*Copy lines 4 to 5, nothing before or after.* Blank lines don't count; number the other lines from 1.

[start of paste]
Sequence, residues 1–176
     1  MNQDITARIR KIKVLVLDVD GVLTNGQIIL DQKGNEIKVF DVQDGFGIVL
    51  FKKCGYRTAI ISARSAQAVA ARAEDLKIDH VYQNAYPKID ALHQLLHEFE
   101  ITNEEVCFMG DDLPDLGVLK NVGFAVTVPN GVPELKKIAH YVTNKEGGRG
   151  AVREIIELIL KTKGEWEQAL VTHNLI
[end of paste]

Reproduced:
   101  ITNEEVCFMG DDLPDLGVLK NVGFAVTVPN GVPELKKIAH YVTNKEGGRG
   151  AVREIIELIL KTKGEWEQAL VTHNLI